Also I've learned the hard way that small kids cannot handle abstract concepts at all, so you need to really dumb down your teaching with a 7yo person as they'll just get frustrated if you quiz them with things they find complicated like "if you want five hooks evenly spaced over your 100cm coat rack, how much is the gap between the hooks if you need to leave 10cm at each end unused?" just tell the kid to measure a hook spot every 16cm starting from 10cm... Make it a teachable moment at a later date when they hit like 11-12yo  [wink]
The sky's the limit in my workshop, literally. [big grin]

Offline jaguar36

  • Posts: 184
    • Toolamanjaro.com
Re: Woodworking for children
« Reply #6 on: December 05, 2017, 10:27 AM »
I've done a few projects with my 7 year old so far and I don't force her to use only hand tools.  I remember having to do that as a kid and finding the whole experience very frustrating and boring.  I've let her use the bandsaw, tablesaw and drill press (Well really a bridgeport) as well as a DTS400 and a 12-volt impact driver. 
With the bandsaw I do it with her, making sure to keep her hand far away from the blade.  We were just cutting a shape out so accuracy didn't matter much.  Tablesaw was a Sawstop and was just cutting some very shallow blade width dados, also holding her hands.  With the birdgeport I'm able to clamp the workpiece down to the table, and then they can move the whole table around to line up the drill bit.  Once its lined up, they can pull down the quill all by themselves, all the while never coming close to the spinny bits. Even had my 4 year old drill a couple of holes. The 12volt impact driver and DTS are both small enough she was able to use them reasonably well with a little help.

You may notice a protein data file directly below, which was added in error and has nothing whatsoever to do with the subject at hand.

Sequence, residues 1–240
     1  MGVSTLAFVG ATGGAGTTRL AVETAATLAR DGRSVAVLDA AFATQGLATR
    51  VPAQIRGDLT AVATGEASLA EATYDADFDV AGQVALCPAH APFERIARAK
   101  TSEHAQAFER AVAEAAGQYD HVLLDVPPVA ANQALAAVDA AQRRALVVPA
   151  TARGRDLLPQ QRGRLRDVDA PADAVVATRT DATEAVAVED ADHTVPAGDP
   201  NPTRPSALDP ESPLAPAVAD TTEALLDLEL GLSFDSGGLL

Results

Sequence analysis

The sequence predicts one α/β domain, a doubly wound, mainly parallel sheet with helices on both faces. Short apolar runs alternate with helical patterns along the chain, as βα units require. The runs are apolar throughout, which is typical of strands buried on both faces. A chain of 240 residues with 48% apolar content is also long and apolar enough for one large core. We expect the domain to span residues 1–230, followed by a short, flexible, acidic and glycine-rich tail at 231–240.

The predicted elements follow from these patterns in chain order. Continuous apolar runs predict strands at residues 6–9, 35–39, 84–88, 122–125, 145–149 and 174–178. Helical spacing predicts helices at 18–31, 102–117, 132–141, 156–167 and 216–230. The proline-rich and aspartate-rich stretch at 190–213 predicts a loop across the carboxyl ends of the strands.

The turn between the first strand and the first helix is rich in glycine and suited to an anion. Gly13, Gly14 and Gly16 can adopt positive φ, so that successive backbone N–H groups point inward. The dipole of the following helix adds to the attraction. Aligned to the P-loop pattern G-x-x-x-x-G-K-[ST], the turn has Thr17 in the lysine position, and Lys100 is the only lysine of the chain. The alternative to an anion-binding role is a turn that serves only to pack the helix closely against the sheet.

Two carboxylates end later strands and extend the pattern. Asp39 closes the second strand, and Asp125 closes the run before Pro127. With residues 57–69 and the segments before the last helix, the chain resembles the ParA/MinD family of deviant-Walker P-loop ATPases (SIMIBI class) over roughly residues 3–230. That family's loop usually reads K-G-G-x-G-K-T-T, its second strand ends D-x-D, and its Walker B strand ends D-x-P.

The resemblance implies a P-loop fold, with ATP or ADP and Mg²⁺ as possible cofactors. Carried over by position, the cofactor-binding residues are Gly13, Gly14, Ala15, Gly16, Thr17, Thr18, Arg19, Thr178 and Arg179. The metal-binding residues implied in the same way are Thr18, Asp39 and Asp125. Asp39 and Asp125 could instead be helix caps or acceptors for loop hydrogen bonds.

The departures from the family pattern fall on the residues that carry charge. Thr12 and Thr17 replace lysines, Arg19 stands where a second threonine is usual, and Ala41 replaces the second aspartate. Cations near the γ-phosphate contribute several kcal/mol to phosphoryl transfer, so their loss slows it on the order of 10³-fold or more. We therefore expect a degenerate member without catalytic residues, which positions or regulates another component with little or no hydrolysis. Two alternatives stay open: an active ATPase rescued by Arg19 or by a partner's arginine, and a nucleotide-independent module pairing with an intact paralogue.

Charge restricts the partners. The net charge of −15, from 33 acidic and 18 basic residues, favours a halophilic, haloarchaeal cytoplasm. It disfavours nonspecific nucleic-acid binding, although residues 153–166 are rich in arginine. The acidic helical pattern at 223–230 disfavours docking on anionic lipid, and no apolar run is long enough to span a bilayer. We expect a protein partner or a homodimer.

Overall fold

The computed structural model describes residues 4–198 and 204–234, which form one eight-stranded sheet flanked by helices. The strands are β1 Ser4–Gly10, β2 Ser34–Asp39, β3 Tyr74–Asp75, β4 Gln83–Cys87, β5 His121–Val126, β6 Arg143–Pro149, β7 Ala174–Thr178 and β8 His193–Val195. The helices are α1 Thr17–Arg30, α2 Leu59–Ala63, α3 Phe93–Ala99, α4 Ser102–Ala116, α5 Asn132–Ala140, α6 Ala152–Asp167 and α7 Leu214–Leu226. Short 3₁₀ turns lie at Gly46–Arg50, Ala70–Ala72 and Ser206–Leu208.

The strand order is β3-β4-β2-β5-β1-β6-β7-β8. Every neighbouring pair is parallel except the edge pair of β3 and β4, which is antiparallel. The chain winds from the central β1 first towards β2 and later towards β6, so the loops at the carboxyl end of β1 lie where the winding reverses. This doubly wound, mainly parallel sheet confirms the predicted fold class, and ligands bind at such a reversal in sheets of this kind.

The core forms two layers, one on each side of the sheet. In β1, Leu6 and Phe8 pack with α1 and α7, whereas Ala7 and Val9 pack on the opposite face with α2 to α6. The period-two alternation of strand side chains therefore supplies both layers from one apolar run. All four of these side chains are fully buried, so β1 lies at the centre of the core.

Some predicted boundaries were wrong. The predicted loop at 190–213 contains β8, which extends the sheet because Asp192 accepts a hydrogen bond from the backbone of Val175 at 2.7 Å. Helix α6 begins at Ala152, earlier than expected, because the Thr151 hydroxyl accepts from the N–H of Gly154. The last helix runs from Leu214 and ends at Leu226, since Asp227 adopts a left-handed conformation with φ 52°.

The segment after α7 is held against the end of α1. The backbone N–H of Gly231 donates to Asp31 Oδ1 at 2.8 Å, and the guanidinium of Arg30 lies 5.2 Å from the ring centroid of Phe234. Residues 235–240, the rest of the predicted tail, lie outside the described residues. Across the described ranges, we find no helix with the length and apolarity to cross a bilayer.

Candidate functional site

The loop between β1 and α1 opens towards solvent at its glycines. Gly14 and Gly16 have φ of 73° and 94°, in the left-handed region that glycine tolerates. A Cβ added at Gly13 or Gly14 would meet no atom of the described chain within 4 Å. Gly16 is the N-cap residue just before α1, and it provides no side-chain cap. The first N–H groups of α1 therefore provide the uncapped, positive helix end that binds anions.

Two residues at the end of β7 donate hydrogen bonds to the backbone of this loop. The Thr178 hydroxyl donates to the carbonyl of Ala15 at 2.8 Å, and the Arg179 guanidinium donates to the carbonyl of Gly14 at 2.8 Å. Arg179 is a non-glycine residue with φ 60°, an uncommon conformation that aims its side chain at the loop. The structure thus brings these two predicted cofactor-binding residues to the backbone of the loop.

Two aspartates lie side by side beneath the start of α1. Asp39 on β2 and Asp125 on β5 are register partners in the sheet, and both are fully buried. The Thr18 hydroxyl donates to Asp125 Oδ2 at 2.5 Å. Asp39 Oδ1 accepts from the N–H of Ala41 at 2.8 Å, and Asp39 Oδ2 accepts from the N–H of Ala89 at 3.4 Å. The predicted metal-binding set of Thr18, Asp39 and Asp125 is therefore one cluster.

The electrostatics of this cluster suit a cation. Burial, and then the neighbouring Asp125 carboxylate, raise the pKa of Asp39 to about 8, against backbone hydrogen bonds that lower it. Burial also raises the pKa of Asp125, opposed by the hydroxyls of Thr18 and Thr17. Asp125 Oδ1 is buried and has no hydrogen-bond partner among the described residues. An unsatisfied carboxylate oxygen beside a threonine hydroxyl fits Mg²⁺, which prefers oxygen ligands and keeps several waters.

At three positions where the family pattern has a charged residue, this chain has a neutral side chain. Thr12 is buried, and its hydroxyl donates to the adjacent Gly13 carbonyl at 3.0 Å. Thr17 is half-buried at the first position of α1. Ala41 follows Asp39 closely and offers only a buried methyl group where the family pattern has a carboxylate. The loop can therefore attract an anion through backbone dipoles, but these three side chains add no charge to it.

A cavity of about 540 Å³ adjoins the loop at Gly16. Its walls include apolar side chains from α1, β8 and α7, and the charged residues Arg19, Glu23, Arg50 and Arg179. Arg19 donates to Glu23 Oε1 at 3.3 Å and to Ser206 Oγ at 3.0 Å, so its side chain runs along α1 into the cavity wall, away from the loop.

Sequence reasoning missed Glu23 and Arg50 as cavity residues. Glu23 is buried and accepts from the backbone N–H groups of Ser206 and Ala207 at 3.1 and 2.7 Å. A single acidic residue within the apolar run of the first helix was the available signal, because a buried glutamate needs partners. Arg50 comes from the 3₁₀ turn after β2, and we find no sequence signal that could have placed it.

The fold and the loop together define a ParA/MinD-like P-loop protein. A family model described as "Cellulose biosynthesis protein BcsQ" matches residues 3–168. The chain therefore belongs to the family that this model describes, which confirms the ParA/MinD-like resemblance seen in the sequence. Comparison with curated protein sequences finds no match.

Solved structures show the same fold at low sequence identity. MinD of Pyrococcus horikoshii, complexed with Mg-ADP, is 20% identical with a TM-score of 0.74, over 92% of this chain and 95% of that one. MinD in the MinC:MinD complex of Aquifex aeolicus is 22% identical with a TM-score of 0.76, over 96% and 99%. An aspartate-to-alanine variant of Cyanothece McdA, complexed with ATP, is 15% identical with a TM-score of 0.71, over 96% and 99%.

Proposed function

Most of the projects so far have been small throwaway type stuff, where they've done a few of the cuts or screws but I've done the majority of the work.  I then let them sand (they don't do a great job sanding it, but who cares) and paint it which they love.  We're going to start building a desk in a few weeks, and I plan on having her be more involved with that as she's older now.  The biggest issue I have is that she is to short to be able to use my fairly tall work bench, so I need to slap together a stool for her.

Obviously I never let them in the shop unsupervised, always wear safety glasses, hair tied back, ear protection and all that other good stuff.

Offline T. Ernsberger

  • Posts: 836
Re: Woodworking for children
« Reply #7 on: December 05, 2017, 07:40 PM »
I do woodworking with my 6 year old daughter and she has a blast doing it.  Plus it’s nice she wants to hang out with me in the shop.  I normally premake items,  it’s glue ups, sanding and using the txs.

Offline Pnw painter

  • Posts: 117
Re: Woodworking for children
« Reply #8 on: December 06, 2017, 12:35 AM »
It's great to see others introduce their kids to wood working. My son is 4 and this thread reminds me that I should start introducing him to word working.




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Offline Bert Vanderveen

  • Posts: 385
Re: Woodworking for children
« Reply #9 on: December 06, 2017, 07:11 AM »
This webshop has an extensive and inspiring overview of woodworking tools for children (or i.o.w. that can be used by them):
https://www.fine-tools.com/kinderwerkzeug.html

Should give you some ideas about what to get or use.
Cheers, Bert Vanderveen

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Offline ear3

  • Posts: 3402
Re: Woodworking for children
« Reply #10 on: December 06, 2017, 10:24 AM »
Speaking of safety, just thinking back to some lessons I learned early on.  When I was 5, after watching my Dad use a paint scraper on some windows I took the name of the tool a bit too literally, and wandered down to the shop alone later that day and tried scraping some paint off a piece of wood.  I was scraping in the direction of the hand that was holding the board, and when the tool inevitably slipped, I earned my first tool-induced visit to the hospital, which has left me with this visible reminder ever since.